It’s almost 11 years, six months and three weeks to the day when I left North London and took up residence on the south side of the Thames. How well I remember it. Preparing to leave North London the street was bathed in a clear autumnal sunlight that amplified the shimmering brilliance of the yellow/red canopy of leaves on the trees, while the morning air was heavy with the lingering stench from the sewage works around the corner. As the removal van started to pull out from the kerb, there were no parting hugs or good luck wishes from the neighbours, just a series of warnings in hushed, fatalistic tones that would have probably scared the grim reaper to death.
“You’d better watch yourself over there”, Edna from number 17 whispered to me with a frightened expression, “They’re a right bloody load of psychos. Didn’t you hear about those muggings in Lewisham on Crimewatch? One of the victims died!”
“No I didn’t” I said trying to sound jaunty, although in the circumstances it wasn’t easy, “But people get mugged over here as well you know.”
“True,” she replied unconvincingly. “But you’re more likely to get a kicking in South London than you are here!”
I wanted to say something about statistics not necessarily bearing out perceptions, but the van was moving before I could even get the words out, so I had to content myself with a quick wave and the promise not to leave the house after 8pm.
When we finally reached our destination there wasn’t a mugger or murderer in sight – just a massive pile of dog droppings on the path to the front door. As I didn’t have a pooper scooper with me, there was no other option but to unload the van and side step the offensive mound. Several hours later when the last stick of furniture was indoors, I curled up on a couch and gleefully reflected on the certainty that I would never have to move again.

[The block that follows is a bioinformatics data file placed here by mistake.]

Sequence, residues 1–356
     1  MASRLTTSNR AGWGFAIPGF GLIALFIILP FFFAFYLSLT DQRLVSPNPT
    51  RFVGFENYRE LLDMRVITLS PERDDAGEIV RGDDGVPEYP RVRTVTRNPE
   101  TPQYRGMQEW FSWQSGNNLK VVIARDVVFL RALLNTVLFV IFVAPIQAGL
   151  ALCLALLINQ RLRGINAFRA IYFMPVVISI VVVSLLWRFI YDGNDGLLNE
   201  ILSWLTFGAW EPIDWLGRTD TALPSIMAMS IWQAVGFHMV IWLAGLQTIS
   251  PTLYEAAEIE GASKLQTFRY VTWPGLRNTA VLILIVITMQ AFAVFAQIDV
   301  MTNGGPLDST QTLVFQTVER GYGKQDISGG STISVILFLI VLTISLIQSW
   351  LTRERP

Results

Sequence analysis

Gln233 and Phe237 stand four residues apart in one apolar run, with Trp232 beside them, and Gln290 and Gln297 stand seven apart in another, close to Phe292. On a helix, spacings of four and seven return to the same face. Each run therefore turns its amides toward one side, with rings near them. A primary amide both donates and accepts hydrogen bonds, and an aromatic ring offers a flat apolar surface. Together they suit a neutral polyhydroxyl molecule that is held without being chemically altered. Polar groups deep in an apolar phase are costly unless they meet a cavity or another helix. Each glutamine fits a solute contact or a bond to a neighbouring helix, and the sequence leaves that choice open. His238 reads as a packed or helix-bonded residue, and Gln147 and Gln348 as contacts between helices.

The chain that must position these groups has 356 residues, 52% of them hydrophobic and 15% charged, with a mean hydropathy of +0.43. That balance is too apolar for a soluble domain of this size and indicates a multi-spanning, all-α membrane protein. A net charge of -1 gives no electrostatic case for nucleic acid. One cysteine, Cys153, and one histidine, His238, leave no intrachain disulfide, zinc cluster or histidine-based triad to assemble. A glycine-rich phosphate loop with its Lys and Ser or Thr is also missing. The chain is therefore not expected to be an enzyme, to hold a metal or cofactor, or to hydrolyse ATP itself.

How wrong I was! Eleven years down the line the tea crates are back and the suitcases re-opened as I’m heading for suburban Surrey.
When my husband was elected Mayor of Surrey Heath, one of the first things we had to do was to organise a new house. We thought it would be easy, but we were wrong. Between us we’ve acquired enough possessions to fill a warehouse and shifting them from one property into another has been more than just a little bit time-consuming.
It was something that neither of us had counted on, just as we hadn’t realised the emotional wrench of leaving behind a much loved home, or the dismay at throwing away objects that we’re still attached to but which are no longer of any practical use. And that’s only the half of it! In spite of repeated telephone calls to what’s laughingly described as a “helpline”, the engineer from the satellite TV company still hasn’t connected our set, meanwhile my car is being more temperamental than usual, and I’ve suddenly found myself juggling the demands of what can only be called a double life. For part of the week I’m Juliette Foster, Business Presenter BBC World, whilst for the rest of the time I’m Juliette May, Lady Mayoress of Surrey Heath. No wonder I’m often confused. But would I change things? Definitely not, because I’m getting to know my adopted community, while its friendship, warmth and integrity more than compensate for all the relocation problems.
Hopefully we’ll never have to move house again, but since that’s a bit like tempting fate, it’s probably better to keep quiet about the subject.